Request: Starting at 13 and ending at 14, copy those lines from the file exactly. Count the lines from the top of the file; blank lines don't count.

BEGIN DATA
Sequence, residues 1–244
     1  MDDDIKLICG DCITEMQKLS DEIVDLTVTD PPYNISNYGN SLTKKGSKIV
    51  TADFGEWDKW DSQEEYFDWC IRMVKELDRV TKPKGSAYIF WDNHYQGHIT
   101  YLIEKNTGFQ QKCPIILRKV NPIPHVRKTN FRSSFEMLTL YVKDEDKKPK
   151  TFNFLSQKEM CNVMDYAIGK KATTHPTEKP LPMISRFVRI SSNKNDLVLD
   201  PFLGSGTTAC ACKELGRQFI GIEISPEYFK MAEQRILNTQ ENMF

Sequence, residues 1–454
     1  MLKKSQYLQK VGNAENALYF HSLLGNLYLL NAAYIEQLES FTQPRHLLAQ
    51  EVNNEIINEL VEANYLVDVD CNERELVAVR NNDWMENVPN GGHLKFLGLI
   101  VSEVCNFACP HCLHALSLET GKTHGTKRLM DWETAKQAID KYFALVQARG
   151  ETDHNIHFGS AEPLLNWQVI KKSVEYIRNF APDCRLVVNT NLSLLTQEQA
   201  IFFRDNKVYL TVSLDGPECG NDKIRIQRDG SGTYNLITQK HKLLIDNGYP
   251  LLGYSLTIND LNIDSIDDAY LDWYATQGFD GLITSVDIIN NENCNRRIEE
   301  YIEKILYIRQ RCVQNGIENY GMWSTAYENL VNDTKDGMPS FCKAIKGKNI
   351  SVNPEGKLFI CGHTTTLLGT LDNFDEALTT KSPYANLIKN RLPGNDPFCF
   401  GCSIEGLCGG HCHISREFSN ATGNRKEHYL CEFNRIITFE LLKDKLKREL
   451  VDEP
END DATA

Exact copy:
   251  LLGYSLTIND LNIDSIDDAY LDWYATQGFD GLITSVDIIN NENCNRRIEE
   301  YIEKILYIRQ RCVQNGIENY GMWSTAYENL VNDTKDGMPS FCKAIKGKNI